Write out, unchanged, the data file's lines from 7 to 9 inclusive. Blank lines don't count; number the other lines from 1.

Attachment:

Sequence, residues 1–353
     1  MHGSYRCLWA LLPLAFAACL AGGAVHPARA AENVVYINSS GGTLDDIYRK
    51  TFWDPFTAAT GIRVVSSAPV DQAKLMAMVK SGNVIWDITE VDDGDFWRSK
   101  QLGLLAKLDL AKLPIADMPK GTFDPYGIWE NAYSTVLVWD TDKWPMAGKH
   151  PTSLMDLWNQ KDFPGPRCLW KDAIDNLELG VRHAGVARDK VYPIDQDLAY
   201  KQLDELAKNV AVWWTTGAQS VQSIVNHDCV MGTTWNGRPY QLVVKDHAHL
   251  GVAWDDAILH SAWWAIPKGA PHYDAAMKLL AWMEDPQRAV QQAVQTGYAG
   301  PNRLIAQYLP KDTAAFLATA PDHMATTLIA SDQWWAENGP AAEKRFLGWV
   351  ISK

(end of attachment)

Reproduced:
   251  GVAWDDAILH SAWWAIPKGA PHYDAAMKLL AWMEDPQRAV QQAVQTGYAG
   301  PNRLIAQYLP KDTAAFLATA PDHMATTLIA SDQWWAENGP AAEKRFLGWV
   351  ISK